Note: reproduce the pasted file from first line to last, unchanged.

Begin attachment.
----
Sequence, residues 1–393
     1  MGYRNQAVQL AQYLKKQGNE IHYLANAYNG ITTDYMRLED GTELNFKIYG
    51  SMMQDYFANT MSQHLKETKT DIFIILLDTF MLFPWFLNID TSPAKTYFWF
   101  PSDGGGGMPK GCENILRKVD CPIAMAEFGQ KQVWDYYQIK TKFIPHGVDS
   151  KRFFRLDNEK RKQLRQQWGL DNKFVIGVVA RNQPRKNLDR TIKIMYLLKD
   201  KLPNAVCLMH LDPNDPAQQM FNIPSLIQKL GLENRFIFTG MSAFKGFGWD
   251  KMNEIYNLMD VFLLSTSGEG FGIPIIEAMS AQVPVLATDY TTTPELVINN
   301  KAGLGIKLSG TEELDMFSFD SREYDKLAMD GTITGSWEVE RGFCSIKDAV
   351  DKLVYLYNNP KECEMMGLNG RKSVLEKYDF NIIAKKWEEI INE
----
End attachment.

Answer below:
Sequence, residues 1–393
     1  MGYRNQAVQL AQYLKKQGNE IHYLANAYNG ITTDYMRLED GTELNFKIYG
    51  SMMQDYFANT MSQHLKETKT DIFIILLDTF MLFPWFLNID TSPAKTYFWF
   101  PSDGGGGMPK GCENILRKVD CPIAMAEFGQ KQVWDYYQIK TKFIPHGVDS
   151  KRFFRLDNEK RKQLRQQWGL DNKFVIGVVA RNQPRKNLDR TIKIMYLLKD
   201  KLPNAVCLMH LDPNDPAQQM FNIPSLIQKL GLENRFIFTG MSAFKGFGWD
   251  KMNEIYNLMD VFLLSTSGEG FGIPIIEAMS AQVPVLATDY TTTPELVINN
   301  KAGLGIKLSG TEELDMFSFD SREYDKLAMD GTITGSWEVE RGFCSIKDAV
   351  DKLVYLYNNP KECEMMGLNG RKSVLEKYDF NIIAKKWEEI INE